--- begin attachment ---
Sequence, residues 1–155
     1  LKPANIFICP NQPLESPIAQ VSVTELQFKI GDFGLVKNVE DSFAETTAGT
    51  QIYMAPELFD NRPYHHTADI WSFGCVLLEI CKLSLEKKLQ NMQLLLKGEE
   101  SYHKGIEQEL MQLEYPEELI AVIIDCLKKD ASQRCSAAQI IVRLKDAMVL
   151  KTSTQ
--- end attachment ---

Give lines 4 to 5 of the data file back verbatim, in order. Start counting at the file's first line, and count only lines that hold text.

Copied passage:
   101  SYHKGIEQEL MQLEYPEELI AVIIDCLKKD ASQRCSAAQI IVRLKDAMVL
   151  KTSTQ